Tuesday, December 26, 2017
2017 NFL Week 16 Power Rankings
Week 16 Game Balls
Offense — Todd Gurley, RB, Los Angeles Rams. Rushed for 118 yards, caught 10 passes for 158 yards and 2 touchdowns. He gained 108 yards from scrimmage more than any other player this week, and put himself firmly into the MVP conversation as the top QBs continue to underwhelm.
Defense — Kyle Fuller, DB, Chicago Bears. Matched up most of the day with Josh Gordon, Fuller had an unreal 6 passes defensed, including an interception. Per Pro Football Focus, Fuller allowed no catches on 9 targets into his coverage.
Special Teams — Damiere Byrd, KR, Carolina Panthers. Returned a kickoff 103 yards for a touchdown in Carolina's 22-19 victory.
Rookie — Marshon Lattimore, DB, New Orleans Saints. Gave up some plays to Julio Jones, but he also defensed 4 throws and intercepted a pass with his butt.
Honorable Mentions — RB Giovani Bernard, DB Harrison Smith, ST Anthony Walker
Five Quick Hits
* Adam Vinatieri has missed two field goals in the same game twice in the last three weeks. Granted, one of the games was played in a near-blizzard, and the other game featured a block and missed 60-yard attempt as the half expired.
* Most outrageous Pro Bowl snubs: Alex Smith, Andrew Whitworth, Lavonte David, Telvin Smith, and Kevin Byard. Yes, Alex Smith. See the Chiefs section for more.
* About half the teams in the NFL use a base 3-4 defense, in which the outside linebackers are essentially pass rushers. But about half the teams use a 4-3 defense in which the OLBs mostly drop into coverage and play the run. All six Pro Bowl OLBs are pass rushers, even though David leads the league in fumble recoveries, while Smith has 5 takeaways, over 100 return yards, and 2 touchdowns.
* Worst selections: Trent Williams, Anthony Barr, Aqib Talib, Earl Thomas, Chris Boswell, and Brett Kern. Williams, Talib, and Thomas got picked on name recognition and reputation. Barr got in because of the bias against 4-3 OLBs, Boswell got in because of narrative, and Kern because people wildly misunderstand punting statistics.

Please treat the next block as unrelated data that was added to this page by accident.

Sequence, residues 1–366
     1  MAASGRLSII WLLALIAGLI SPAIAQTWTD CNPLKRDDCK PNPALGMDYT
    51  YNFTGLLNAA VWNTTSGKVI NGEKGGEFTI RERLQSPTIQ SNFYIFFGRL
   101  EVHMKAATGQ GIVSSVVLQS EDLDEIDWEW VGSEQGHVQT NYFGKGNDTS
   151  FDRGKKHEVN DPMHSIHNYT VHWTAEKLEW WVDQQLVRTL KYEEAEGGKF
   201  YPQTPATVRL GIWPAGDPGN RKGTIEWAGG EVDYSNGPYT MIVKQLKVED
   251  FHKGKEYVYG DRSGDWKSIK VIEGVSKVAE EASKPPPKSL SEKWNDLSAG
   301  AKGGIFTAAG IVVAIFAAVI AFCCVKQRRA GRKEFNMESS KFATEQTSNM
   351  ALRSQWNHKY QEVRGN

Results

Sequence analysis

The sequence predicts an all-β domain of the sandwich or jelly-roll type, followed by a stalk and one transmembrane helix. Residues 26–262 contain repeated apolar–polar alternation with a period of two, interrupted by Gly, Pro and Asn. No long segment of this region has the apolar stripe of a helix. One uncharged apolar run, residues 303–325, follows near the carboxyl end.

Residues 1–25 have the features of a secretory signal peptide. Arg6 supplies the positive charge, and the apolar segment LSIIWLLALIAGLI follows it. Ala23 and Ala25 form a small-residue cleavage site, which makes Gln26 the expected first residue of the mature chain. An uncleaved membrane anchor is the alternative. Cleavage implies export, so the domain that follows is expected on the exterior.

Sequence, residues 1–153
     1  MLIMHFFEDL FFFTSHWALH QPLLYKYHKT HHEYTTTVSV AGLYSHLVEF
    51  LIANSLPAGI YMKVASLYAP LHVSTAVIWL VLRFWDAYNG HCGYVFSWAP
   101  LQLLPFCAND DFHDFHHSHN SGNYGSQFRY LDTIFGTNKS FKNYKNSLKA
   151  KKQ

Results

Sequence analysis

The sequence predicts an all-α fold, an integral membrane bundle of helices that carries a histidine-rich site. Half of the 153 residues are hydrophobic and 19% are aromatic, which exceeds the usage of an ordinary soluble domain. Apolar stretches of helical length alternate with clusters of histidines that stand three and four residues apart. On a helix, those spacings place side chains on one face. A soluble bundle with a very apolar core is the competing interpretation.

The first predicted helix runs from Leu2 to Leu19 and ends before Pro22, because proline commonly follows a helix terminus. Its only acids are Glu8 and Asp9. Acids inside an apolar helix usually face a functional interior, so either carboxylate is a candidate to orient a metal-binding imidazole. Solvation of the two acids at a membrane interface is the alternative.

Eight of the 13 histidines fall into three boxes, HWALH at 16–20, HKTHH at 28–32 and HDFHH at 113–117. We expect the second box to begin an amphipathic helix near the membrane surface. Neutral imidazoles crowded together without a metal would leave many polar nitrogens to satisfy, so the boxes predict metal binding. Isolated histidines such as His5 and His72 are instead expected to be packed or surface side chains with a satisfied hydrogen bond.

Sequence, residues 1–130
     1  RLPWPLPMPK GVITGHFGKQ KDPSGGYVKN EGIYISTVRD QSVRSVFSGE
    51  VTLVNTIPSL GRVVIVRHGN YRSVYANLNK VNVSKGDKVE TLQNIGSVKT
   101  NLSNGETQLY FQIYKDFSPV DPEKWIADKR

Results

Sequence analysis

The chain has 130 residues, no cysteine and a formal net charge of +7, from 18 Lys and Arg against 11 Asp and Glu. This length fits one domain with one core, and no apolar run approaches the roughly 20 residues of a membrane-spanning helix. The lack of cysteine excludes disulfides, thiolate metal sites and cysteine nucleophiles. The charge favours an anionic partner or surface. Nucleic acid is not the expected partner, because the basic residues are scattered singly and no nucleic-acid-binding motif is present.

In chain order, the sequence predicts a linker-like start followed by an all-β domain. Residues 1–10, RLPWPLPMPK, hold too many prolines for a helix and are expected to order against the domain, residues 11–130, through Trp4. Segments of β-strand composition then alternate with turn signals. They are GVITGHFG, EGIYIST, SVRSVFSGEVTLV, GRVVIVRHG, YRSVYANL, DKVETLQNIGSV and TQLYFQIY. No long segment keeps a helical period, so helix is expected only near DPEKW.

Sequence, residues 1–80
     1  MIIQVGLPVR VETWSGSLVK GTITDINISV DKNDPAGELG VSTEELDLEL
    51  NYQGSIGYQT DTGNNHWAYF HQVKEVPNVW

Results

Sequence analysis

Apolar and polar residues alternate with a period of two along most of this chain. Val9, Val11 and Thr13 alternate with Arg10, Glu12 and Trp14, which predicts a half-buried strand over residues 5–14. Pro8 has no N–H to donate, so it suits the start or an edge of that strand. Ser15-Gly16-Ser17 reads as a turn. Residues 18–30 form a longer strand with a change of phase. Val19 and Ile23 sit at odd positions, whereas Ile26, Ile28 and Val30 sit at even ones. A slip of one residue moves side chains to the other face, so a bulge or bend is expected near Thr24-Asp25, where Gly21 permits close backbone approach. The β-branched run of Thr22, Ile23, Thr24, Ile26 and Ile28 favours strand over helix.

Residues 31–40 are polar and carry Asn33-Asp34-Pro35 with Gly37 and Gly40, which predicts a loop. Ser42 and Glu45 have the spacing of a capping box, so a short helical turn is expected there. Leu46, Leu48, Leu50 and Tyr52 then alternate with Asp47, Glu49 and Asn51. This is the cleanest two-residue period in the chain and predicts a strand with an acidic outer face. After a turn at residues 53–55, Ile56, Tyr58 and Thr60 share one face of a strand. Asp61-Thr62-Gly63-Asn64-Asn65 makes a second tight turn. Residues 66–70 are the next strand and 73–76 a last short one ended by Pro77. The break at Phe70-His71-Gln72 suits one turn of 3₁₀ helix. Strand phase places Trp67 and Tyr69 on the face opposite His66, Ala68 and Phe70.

* Kern's gross average is over 50, but gross average doesn't matter; it is inversely associated with team success. His net average is impressive (45.0), but he relies on the Titans' coverage team, since he has one of the lowest fair catch rates (12%) in the NFL, less than half the league average (26%). Kern has one of the worst ratios in the league of punts down inside the 20 to touchbacks, and he has more touchbacks (5) than punts down inside the 10 (3), with only one punt all season down closer than the 8-yard line. There are a dozen punters having better seasons than Kern.
Week 16 NFL Power Rankings
Brackets indicate previous rank.
1. Minnesota Vikings  — Lead the NFL in fewest points allowed and fewest yards allowed. These are the other teams in the eight-division era to lead the league in both categories:
2014 Seattle Seahawks (lost Super Bowl XLIX)
2013 Seattle Seahawks (won Super Bowl XLVIII)
2009 New York Jets (lost AFC Championship Game)
2008 Pittsburgh Steelers (won Super Bowl XLIII)
2006 Baltimore Ravens (lost divisional playoff)
2004 Pittsburgh Steelers (lost AFC Championship Game)
2002 Tampa Bay Buccaneers (won Super Bowl XXVII)
That's an encouraging record.
2. Philadelphia Eagles  — Clinched homefield advantage. The top two seeds in the NFC are both using quarterbacks who were backups in Week 1.
3. Los Angeles Rams  — With Pro Bowl kicker Greg Zuerlein on injured reserve, Sam Ficken missed a 36-yard field goal and an extra point. Zuerlein's absence could easily be the difference in a tight playoff game.
4. New England Patriots  — Lead the NFL in yards per game, but their only offensive Pro Bowlers are Tom Brady, Rob Gronkowski, and fullback James Develin. No offensive linemen, really?
5. New Orleans Saints  — Beat the Falcons with defense, 23-13. They sacked Matt Ryan 5 times, with 12 hits on the quarterback, and held Atlanta to 2/13 on third downs, with two takeaways plus a turnover on downs.
6. Carolina Panthers  — Their passing game is so inconsistent (27th in yards, 20th in passer rating), it's hard to see them making a Super Bowl run. Cam Newton hasn't passed for 300 yards in a game since Week 5, and he's had a passer rating under 75 in seven of their last 10 games. He's been running great, but I don't think that will be enough in three or four straight games against playoff defenses.
7. Pittsburgh Steelers  — Dominated the Texans' outmatched QBs, taking a 27-0 lead into the fourth quarter despite limited offensive yardage.